Otting said the OCC's decision is intended to "provide more choices to consumers and businesses, and creates greater opportunity for companies that want to provide banking services in America."

"Companies that provide banking services in innovative ways deserve the opportunity to pursue that business on a national scale as a federally chartered, regulated bank," Otting said.

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This map shows the states where payday loans charge nearly 700 percent interest

Some short-term loans cost over 20 times more in interest than the average credit card. And yet one in 10 Americans have used them.

These small-dollar advances, or payday loans, are available in most states: All you need to do is walk into a store with a valid ID, proof of income and a bank account. The balance of the loan, along with the "finance charge" (the service fees and interest), is typically due two weeks later, on your next pay day.

In the U.S. today, these loans are a $9 billion business. In the past two years, 11 percent of U.S. adults say they've taken out a payday loan, according to a recent survey of approximately 3,700 Americans that CNBC Make It performed in conjunction with Morning Consult.

But while payday loans provide quick cash, the national average annual percentage rate is almost 400 percent. In contrast, the average credit card APR in July was 16.96 percent, according to

That can add up fast. For example, if you take out a $500 payday loan with an APR of 391 percent, you'll owe about $575 two weeks later. The loan cycle rarely stops there, though. Many payday loan borrowers "roll over" the loan multiple times. Do that for just three months and the amount due is over $1,000. Read more at CNBC

Need a loan? Forget the corner payday lender - your boss has you covered

Your employer might contribute to your retirement account or help pay for health insurance. But will it help you set up an emergency fund? Or offer you a loan of a few thousand dollars when your transmission breaks down?

If you work for Comcast Corp., yes.

The Philadelphia-based telecom and entertainment giant is rolling out those and other benefits to its more than 160,000 workers at NBC Universal and other subsidiaries through a new Comcast-backed benefits firm. It's the latest example of a big employer looking to involve itself in employees' financial lives by offering not just education and counseling but real money.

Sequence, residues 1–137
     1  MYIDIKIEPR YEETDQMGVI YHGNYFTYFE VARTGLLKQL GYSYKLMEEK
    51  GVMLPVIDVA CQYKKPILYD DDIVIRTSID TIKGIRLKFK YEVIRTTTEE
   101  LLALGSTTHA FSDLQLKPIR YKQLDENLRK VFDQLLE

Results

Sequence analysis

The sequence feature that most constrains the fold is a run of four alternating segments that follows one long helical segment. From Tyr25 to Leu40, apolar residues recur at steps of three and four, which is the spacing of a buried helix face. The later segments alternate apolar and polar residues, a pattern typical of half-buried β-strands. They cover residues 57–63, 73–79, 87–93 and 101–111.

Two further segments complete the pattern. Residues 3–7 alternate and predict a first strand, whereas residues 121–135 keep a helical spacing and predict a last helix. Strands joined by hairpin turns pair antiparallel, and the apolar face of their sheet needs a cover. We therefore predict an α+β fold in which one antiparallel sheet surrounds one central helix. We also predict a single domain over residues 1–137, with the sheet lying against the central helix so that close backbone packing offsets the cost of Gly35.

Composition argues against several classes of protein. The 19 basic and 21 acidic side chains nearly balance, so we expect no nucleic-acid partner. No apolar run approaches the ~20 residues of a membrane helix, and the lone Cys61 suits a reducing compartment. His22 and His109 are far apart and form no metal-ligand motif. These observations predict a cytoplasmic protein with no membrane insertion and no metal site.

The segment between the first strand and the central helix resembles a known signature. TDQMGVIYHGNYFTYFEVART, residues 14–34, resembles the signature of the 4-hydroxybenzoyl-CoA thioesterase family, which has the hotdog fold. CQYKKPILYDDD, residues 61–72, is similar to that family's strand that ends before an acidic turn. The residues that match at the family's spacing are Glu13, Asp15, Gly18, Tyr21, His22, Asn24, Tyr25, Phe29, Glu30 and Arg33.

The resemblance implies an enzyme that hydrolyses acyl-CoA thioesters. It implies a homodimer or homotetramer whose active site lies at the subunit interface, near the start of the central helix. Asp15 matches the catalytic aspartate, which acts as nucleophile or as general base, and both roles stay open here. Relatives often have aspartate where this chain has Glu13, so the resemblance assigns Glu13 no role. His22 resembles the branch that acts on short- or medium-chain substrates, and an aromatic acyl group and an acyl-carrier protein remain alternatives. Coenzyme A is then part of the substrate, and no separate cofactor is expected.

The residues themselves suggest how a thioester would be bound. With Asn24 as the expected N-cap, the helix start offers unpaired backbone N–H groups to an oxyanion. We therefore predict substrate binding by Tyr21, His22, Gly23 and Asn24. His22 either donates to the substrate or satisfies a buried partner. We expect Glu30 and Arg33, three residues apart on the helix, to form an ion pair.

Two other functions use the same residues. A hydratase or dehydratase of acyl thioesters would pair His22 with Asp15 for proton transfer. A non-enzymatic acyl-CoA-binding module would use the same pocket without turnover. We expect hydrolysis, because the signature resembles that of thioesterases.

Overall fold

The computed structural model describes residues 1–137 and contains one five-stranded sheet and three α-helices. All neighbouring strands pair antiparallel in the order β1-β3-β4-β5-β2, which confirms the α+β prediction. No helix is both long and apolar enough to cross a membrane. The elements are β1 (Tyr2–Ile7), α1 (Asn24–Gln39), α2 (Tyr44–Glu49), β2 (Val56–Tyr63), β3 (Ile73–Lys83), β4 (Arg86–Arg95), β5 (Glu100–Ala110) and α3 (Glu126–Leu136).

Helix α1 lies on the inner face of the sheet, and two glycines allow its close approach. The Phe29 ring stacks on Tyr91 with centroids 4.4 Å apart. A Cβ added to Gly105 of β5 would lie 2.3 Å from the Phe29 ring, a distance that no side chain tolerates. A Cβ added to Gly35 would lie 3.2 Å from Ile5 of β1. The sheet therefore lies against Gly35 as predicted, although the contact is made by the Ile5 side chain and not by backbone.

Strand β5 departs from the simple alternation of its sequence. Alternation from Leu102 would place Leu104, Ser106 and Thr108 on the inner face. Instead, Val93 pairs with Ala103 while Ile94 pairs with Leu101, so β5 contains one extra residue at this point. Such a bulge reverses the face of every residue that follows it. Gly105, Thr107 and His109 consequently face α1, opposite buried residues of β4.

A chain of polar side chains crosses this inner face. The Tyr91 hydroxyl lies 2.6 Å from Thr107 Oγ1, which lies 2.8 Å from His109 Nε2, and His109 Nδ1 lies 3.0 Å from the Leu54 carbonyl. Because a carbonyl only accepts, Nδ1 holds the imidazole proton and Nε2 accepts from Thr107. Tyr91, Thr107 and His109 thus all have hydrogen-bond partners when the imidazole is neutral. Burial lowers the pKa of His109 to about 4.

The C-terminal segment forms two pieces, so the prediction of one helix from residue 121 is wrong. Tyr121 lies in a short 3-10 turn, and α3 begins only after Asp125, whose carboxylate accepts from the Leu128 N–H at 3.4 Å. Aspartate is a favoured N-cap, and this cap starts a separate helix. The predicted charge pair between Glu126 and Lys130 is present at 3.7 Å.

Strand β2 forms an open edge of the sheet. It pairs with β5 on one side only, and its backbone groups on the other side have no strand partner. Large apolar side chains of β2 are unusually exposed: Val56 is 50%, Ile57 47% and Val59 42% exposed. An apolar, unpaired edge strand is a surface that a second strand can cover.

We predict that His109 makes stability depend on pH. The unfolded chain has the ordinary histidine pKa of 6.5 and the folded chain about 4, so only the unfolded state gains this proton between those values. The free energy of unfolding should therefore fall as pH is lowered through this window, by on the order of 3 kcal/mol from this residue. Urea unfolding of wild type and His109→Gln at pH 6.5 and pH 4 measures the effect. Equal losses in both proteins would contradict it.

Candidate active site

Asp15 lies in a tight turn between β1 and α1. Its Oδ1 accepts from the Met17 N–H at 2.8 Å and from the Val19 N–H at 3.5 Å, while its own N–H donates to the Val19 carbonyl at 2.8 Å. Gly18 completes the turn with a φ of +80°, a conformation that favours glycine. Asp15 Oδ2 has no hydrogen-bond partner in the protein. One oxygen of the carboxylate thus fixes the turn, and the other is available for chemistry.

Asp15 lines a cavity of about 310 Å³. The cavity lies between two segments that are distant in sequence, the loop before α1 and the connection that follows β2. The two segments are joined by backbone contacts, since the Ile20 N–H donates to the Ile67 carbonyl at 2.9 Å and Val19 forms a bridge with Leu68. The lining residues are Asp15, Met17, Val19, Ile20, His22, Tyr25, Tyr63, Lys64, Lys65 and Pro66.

Founded this year by Comcast's venture-capital arm, benefits firm Brightside announced last month that it would offer loans through San Diego firm Employee Loan Solutions. The loans of $1,000 to $2,000 will be available to most employees, do not require a cccc check and are paid back through payroll deductions.

With an interest rate of 24.9%, the loans are more expensive than the typical credit card but are dramatically cheaper than other types of debt available to borrowers with bbb credit or little credit history. Payday loans in California, for instance, come with annual interest rates topping 400%.

Senate advances Financial Services and General Government appropriations bill

The FY 2019 Financial Services and General Government (FSGG) appropriations bill, which advanced in the U.S. Senate this week, includes full funding for two programs supported by the National Association of Federally Insured Credit Unions (NAFCU).

The appropriations bill included full funding for the National Credit Union Administration's Community Development Revolving Loan Fund (CDRLF) as well as the U.S. Treasury's Community Development Financial Institutions (CDFI) Fund.

The House had advanced its version of the FSGG bill, which included a slightly lower level of funding for the CDFI program. Both the House and Senate bills include full funding for the Small Business Administration's (SBA) 7(a) and 504 loan programs, which are also used by credit unions.